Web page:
With Trump's Commerce, Treasury picks, will it be business as usual?
The president-elect has begun tapping wealthy tycoons to join his economic team, reflecting faith in private-sector experience – as well as the approach of past Republican and Democratic administrations.
During his campaign, Donald Trump told voters that he would apply the lessons of business to running a government. As president-elect he has begun tapping wealthy tycoons to join his economic team, reflecting his faith in private-sector experience – and the approach of past Republican and Democratic administrations in filling these posts.
Reporting on Mr. Trump’s cabinet picks concur on the likely nomination as commerce secretary of Wilbur Ross, who chairs a private equity firm and is estimated by Forbes to be worth $2.9 billion. Mr. Ross was an adviser and fundraiser for Trump’s campaign and has echoed his hostility to “bad trade agreements.”
The New York Times reports that Trump may appoint as deputy commerce secretary another billionaire Republican donor, Todd Ricketts, owner of the Chicago Cubs. The current commerce secretary, Penny Pritzker, is a billionaire and a prominent funder of Obama’s presidential campaigns.
While commerce is a cabinet-level position, it is mostly in the shadow of the US Treasury, making Trump’s nomination for that powerful cabinet job more consequential. CNN reports that Steven Mnuchin, the president-elect’s campaign finance chairman, is one of two contenders; the other, Jeb Hensarling, is the chairman of the House Financial Services Committee.
As nominee, Mr. Mnuchin could face questions over his ownership of a failed sub-prime mortgage lender that he bought in 2009. The bank, now called OneWest, was taken over in 2008 and sold for $1.55 billion by the government, which covered much of its outstanding losses. Mnuchin and co-investors sold the bank for twice its original price in 2015. CNN reports that before it was sold again, federal regulators charged OneWest with falsifying documents during property foreclosures.
Mnuchin is also a former executive at Goldman Sachs. That puts him in good company: Robert Rubin, a Treasury secretary under President Clinton, and Henry Paulson, who served under George W. Bush, both came from Goldman. Mr. Paulson, a Republican who has been critical of Trump’s economic views and experience, was the firm’s chairman.
Goldman was a populist punching bag for Trump, both in the primaries – Sen. Ted Cruz’s wife, Heidi, works there – and in defeating Hillary Clinton, who gave paid speeches to the bank after serving as secretary of State.
"I know the guys at Goldman Sachs. They have total, total control over him. Just like they have total control over Hillary Clinton," Trump said of Cruz in a February debate.
Whoever becomes Treasury secretary will have broad oversight of Wall Street, along with the power to set policy on currency and banking rules. This includes the supervisory powers created under the Dodd-Frank Act passed after the financial crisis, which Trump has said he wants to dismantle. The Treasury is also a major voice in global bodies such as the International Monetary Fund, which would matter in the event of an international financial crisis.
Last month, Trump issued a 100-day “Contract with the American Voter” [pdf] that pledged swift action on several fronts under his administration. One section, entitled “Seven actions to protect American workers,” commits Trump’s Treasury secretary to labeling China a currency manipulator, a longstanding Republican demand that President Obama has repeatedly resisted.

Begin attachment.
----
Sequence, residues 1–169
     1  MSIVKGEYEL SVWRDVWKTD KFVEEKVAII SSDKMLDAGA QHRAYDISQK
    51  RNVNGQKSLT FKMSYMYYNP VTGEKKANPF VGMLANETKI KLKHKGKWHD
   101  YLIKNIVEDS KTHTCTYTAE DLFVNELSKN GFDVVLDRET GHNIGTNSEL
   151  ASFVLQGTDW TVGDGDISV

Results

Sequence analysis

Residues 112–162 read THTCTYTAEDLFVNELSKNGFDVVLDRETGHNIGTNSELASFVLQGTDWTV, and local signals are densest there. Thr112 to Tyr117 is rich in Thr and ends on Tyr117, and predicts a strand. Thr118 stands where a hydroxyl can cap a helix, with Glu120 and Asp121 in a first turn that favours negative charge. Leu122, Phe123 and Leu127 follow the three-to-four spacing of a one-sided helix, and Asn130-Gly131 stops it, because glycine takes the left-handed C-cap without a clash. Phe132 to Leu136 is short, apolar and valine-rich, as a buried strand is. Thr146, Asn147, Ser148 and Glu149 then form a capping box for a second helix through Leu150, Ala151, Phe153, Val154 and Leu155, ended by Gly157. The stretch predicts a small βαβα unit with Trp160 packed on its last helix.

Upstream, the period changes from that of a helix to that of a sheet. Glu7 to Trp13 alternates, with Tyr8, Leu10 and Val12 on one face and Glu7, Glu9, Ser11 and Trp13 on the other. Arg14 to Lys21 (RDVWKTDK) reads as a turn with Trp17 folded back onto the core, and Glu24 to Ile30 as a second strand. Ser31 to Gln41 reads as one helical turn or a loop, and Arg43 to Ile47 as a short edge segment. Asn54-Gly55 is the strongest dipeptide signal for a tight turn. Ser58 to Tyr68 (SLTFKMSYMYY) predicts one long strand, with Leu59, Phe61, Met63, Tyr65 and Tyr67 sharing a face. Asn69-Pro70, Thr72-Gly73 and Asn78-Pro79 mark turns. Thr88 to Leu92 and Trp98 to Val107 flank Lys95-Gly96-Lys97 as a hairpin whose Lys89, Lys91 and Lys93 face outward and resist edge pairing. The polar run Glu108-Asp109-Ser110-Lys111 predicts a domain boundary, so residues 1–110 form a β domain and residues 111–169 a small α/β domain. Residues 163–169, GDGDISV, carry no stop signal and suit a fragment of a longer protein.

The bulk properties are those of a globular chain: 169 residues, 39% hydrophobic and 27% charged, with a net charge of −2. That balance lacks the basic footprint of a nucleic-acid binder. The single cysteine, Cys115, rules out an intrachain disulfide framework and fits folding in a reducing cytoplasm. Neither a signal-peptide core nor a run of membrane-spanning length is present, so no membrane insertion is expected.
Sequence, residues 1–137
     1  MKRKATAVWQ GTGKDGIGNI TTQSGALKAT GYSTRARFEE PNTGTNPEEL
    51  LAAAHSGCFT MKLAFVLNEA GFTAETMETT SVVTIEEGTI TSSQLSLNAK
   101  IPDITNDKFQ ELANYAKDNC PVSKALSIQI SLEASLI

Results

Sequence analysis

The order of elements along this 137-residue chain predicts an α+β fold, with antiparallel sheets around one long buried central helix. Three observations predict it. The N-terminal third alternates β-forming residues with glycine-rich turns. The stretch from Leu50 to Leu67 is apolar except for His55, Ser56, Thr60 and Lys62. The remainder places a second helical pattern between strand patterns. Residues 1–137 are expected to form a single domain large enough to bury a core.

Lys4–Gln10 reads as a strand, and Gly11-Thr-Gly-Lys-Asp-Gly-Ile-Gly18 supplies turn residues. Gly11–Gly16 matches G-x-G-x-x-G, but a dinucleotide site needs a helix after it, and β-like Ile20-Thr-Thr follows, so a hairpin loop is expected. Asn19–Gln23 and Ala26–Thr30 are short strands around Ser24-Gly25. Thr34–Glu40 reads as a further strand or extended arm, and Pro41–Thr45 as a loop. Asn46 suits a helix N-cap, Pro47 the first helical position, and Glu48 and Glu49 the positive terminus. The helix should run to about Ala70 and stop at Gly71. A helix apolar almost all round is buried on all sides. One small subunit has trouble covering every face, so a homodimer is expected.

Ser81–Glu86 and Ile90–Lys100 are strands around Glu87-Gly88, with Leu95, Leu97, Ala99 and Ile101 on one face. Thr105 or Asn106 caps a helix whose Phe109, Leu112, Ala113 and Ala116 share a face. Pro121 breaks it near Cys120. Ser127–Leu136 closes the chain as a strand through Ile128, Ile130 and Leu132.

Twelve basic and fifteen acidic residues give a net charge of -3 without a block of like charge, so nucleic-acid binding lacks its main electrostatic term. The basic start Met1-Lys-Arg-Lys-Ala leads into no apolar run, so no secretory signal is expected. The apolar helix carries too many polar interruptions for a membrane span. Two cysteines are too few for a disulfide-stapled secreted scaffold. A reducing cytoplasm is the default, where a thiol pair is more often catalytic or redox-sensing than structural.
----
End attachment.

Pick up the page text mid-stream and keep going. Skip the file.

Under a 1988 law, the Treasury has to declare whether major trading partners are gaining an unfair advantage from currency manipulation. Such a formal declaration allows the president to erect trade barriers and take other retaliatory measures. Trump has threatened to sanction China for depressing the value of its currency, the yuan, to make its goods cheaper in US dollars.
However, far from trying to keep the yuan weak, China has more recently been trying to prop up the currency as its economy weakens and capital leaves the country. That reality could stay the hand of Trump’s Treasury secretary, even if it undercuts his 100-day pledge.
David Loevinger, a former China specialist at the Treasury who now works for asset manager TCW Group, told Bloomberg that the incoming administration may adjust its tactics. When candidates "get to the Oval Office they realize finding ways to get China to open up without strengthening the hardliners and hurting ourselves is a lot harder."
However, Bloomberg also cites another former Treasury official, Lewis Alexander, who served under Obama and now works at Nomura Securities, as saying he expected Trump to deliver on his promise to label China a currency manipulator.
Trump’s other 100-day pledges to protect American workers include scrapping or renegotiating existing and proposed trade deals, identifying foreign trade abuses and punishing offenders, and allowing more domestic oil drilling and pipeline construction.
In a survey of eminent academic economists, virtually all said these actions would be deleterious for the workers they are supposed to help. Asked if they thought Trump’s 100-day plan would improve the economic prospects for middle-class Americans over the next decade, 46 percent disagreed – and 47 percent strongly disagreed – when responses were weighted by confidence levels.
When the same question was posed about the prospects for low-skilled Americans – the white working class voters that are credited with helping Trump defeat Mrs. Clinton – only 2 percent agreed and 48 percent strongly disagreed on a confidence-weighted basis. The survey was carried out by the University of Chicago, which regularly asks economic experts similar policy questions.